Richard Woods of Woods Designs

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Re: Outboard placement

Post by Woods Designs » Mon Jan 27, 2020 12:01 pm

I use a central steerable outboard on my folding powercat designs, Skoota 20 and 24. That way there are no oil sump problems when the hulls (and thus engines) rotate for trailering. My Skoota 18 is small enough that a single outboard is enough and twin outboards mean twin fuel tanks, batteries etc so all taking up more of the very linited space

My bigger designs, Skoota 28/30, Jazz 30, Skoota 32, 36 all use an engine mounted on each transom

The problem with the central engine is that it is more prone to damage and more important, speed is limited due to the drag of the leg with no hull in front of it. In fact without a fairing, which I have designed to fit below the central nacelle, even a large outboard turns into a "food mixer" creating froth rather than forward speed at anything over about 6 knots. We tested that on our Skoota 20. Without the fairing the boat did 6 knots, with the fairing refitted it did 13+

Our Skoota 28 did over 16 knots empty using twin 20hp outboards. Loaded for cruising we did 11-12 (note the past tense, thanks to Dorian!). Crossing the Gulf Stream to the Bahamas comfortably in 5 hours. How does that compare to the similar length Thailand boat?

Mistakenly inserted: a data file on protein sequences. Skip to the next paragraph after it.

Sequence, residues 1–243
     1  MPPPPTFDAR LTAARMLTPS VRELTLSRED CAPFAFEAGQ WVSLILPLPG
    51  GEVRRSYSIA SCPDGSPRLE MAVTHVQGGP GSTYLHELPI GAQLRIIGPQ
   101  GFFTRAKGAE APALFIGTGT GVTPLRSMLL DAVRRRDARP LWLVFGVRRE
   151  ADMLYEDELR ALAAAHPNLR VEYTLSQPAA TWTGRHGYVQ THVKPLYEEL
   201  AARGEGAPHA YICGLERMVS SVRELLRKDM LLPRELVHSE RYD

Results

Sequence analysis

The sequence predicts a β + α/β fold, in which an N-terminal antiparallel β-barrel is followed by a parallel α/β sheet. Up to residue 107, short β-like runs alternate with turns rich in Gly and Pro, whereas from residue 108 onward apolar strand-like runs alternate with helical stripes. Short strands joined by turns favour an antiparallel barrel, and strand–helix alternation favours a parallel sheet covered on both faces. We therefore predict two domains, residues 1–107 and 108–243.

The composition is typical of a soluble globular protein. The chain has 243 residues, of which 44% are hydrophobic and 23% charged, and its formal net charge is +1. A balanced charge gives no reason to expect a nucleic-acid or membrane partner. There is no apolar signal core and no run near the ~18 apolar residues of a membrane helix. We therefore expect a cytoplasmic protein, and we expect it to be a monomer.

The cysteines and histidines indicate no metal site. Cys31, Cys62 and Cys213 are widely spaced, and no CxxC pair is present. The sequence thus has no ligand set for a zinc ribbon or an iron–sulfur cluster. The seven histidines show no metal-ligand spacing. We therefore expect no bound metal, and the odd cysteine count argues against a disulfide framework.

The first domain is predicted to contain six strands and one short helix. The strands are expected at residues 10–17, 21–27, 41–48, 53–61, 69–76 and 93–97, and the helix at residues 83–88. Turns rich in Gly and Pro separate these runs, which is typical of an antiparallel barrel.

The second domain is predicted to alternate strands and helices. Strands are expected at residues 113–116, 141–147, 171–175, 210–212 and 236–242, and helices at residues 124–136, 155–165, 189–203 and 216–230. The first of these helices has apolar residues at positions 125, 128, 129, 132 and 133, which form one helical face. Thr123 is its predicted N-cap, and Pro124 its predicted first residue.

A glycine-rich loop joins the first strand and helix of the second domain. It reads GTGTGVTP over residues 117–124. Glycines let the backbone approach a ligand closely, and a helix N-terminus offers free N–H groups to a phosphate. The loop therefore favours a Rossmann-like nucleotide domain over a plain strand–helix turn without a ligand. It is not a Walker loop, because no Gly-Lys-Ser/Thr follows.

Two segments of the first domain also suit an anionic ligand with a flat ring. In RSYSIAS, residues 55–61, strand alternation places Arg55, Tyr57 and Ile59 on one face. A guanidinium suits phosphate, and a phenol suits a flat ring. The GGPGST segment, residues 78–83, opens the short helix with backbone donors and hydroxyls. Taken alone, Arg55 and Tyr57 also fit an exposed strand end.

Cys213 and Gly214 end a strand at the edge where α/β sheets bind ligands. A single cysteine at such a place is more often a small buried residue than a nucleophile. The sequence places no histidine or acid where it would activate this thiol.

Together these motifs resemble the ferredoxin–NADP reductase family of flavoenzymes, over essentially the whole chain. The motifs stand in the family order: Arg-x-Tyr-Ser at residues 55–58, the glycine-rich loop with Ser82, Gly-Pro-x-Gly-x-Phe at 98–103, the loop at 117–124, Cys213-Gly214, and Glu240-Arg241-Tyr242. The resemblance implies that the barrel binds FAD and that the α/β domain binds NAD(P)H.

Richard Woods of Woods Designs

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Re: Outboard placement

Post by Bartman » Tue Jan 28, 2020 2:01 pm

Woods Designs wrote:
Mon Jan 27, 2020 12:01 pm
I use a central steerable outboard on my folding powercat designs, Skoota 20 and 24. That way there are no oil sump problems when the hulls (and thus engines) rotate for trailering. My Skoota 18 is small enough that a single outboard is enough and twin outboards mean twin fuel tanks, batteries etc so all taking up more of the very linited space

My bigger designs, Skoota 28/30, Jazz 30, Skoota 32, 36 all use an engine mounted on each transom

The problem with the central engine is that it is more prone to damage and more important, speed is limited due to the drag of the leg with no hull in front of it. In fact without a fairing, which I have designed to fit below the central nacelle, even a large outboard turns into a "food mixer" creating froth rather than forward speed at anything over about 6 knots. We tested that on our Skoota 20. Without the fairing the boat did 6 knots, with the fairing refitted it did 13+

Our Skoota 28 did over 16 knots empty using twin 20hp outboards. Loaded for cruising we did 11-12 (note the past tense, thanks to Dorian!). Crossing the Gulf Stream to the Bahamas comfortably in 5 hours. How does that compare to the similar length Thailand boat?

Richard Woods of Woods Designs
Richard thanks for taking the time to reply. I think your design is more efficient than the one I referenced. The Thailand boat looks like a sailing cat built as a power cat. I did get a little performance info from the seller. It cruises low to mid teen knots based on loading. But that's at twice the horsepower of your Skoota 28 with 20's with similar speed.

Bart